Hispanic celebrations focus on community issues and Dream Act legislation

Daniel Cortez 2By Daniel Cortez

There remains opportunity for Virginia’s political candidates to cultivate a booming Hispanic vote this November. Amidst Hispanic Heritage Month celebrations the question is which side of the aisle wants it more?

President Obama’s delay in fulfilling campaign promises on immigration reform has Latinos politically despondent. That’s one reason democrats appear more focused on the Latin vote.

Governor Terry McAuliffe perhaps knew that when he recently hosted 100 Virginia Latino movers and shakers at the Governor’s Mansion, serving chicken skewers with Pico de Gallo salsa that could have used a bit more salt. Reading his Hispanic and Latino Heritage Month proclamation and speaking to achievements and the voting potential of Virginia’s 710 thousand Hispanic Virginians, McAuliffe stated, “I would not be here without you.”

McAuliffe cited Hispanics and Latinos owning over 28,000 Virginia businesses employing tens of thousands of votes that would sway any election. Today they mean more than ever to both sides of the political aisle. So much that people like Monique Alcala, President of Democratic Latino Organization of Virginia, has helped organize workshops throughout the Commonwealth. There Secretary of the Administration Nancy Rodrigues is voluntarily presenting classes aiding interested citizens using the Virginia.gov website to fill the 1,557 available jobs working for the state as well as apply for thousands of state boards and commission positions.

Rodrigues says Latinos should use the strength of their language diversity and their growing demographics in the Commonwealth as he noted, “Obviously Virginia is changing and so should our workforce.” McAuliffe seeing this has added a “bilingual skills” to part of the state jobs website section.

Today Hispanics watch carefully not only what is being said but what is being done by both parties. Minority veterans particularly examine the actions of the Republican-controlled general assembly and stalled “dream act” legislation. Such actions remain indicative of an out of touch Republican mindset that has decimated their one time lock on Virginia’s top three political offices.

But in spite of delegates led by Stafford Speaker William Howell and his dogged refusal to respect veteran dreamers and their families, expect Virginia’s Latino Advisory Board (VLAB), with their full complement of McAuliffe appointees, to take a more activist role involving general assembly issues like the Dream Act.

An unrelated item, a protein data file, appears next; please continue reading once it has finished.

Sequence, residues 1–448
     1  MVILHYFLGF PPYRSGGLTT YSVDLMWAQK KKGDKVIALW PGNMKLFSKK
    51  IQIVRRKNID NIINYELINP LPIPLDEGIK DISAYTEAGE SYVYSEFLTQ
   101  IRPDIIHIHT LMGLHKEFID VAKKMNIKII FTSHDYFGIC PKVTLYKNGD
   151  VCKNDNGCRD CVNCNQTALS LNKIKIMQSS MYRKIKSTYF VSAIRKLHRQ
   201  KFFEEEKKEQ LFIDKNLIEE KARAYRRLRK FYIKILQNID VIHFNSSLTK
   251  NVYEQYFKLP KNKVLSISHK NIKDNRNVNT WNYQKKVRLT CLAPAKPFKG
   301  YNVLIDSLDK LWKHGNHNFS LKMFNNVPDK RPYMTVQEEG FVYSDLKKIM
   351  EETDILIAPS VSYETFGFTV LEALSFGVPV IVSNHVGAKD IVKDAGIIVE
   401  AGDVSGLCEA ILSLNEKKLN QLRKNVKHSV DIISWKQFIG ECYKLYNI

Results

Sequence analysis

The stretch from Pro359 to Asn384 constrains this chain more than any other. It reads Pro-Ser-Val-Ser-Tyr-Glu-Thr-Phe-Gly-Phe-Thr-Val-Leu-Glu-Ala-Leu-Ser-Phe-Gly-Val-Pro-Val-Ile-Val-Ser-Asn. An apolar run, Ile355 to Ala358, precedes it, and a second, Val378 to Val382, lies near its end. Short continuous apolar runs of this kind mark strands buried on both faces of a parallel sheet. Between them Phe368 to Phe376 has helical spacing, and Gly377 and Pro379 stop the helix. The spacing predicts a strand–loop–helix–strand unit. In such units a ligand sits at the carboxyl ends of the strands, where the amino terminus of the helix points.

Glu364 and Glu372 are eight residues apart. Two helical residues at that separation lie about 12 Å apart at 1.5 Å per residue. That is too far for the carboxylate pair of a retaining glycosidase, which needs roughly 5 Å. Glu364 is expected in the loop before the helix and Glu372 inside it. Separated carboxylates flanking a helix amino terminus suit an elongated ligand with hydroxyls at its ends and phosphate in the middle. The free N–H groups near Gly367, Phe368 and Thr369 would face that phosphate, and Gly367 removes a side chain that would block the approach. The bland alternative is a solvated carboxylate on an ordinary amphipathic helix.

Elections indeed have consequences and within the traditional Hispanic family, contrary to macho male ideology, remains historically strong women effecting change. VLAB appointees will see such change and organization with newly appointed members like Gloria Maria Peña Rockhold and Vivian Sanchez-Jones.

Republicans will attempt to use their feminine clout with the appointment of former Bush presidential appointee Theresa Alivillar-Speake as head of their new Virginia Hispanic Advisory Council. RNC Chairman Reince Priebus and former U.S. Treasurer Anna Cabral headline Virginia candidates for Congress and Senate as they host their conservative Hispanic Heritage event at Casa Speake on October 4.

But for conservatives and the Dream Act dilemma, the difficulty remains legislatively with staunch military minds such as Delegates Scott Lingamfelter and Rich Anderson of Prince William along with State Senator Bryce Reeves of Culpeper/Fredericksburg who refuse to embrace present Dream Act legislation. All are former military commanders representing large groups of former minority “enlisted” veteran localities who no longer take orders, but give them at the polls and support the initiative.

The military reality is that no one checked citizenship status as the bullets were flying during my Vietnam combat experience. And it’s not happening in the Middle East today. That and the fact that over 60 members of the Hispanic community have been awarded the Medal of Honor since the Civil War should raise eyebrows. This topic is important, and ignoring Hispanic sensitivities has hurt primarily Republicans the most.

Think not? Well, ask former Attorney General and gubernatorial candidate Ken Cuccinelli. During the heated November election Cuccinelli the candidate stumbled badly refusing to walk back hard-hearted comments about Hispanic immigrants. Latino veterans subsequently closed wallets to Cuccinelli and questioned his leadership after Marine Corps officials verified their refusal to retain Second Lieutenant Cuccinelli after only a 3-month stint on active duty in 1994. Without contrition, his refusal to advance a path to citizenship or act responsibly on Dream Act issues for the undocumented and their U.S. born children cost him the Hispanic vote and the election.

Today for McAuliffe and Democrats, the solution to maintain voter loyalty is continued action by Rodrigues and Alcala plus needed gubernatorial executive action protecting undocumented children, Virginia’s guest worker issues, and Dream Act failure. For Republicans and their tea party faction, Alivillar-Speake can’t do it alone. Recognizing the failure of Speaker Howell regarding Dreamers, one has to ask, “Is a change of leadership needed?” Amid celebrations and concerns, Hispanics will be watching, carefully preparing who to vote for in November.

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Daniel Cortez a distinguished Vietnam veteran and northern Virginia political writer and broadcaster who is active in veteran’s and minority affairs. Reach him at dpcortez1969@yahoo.com

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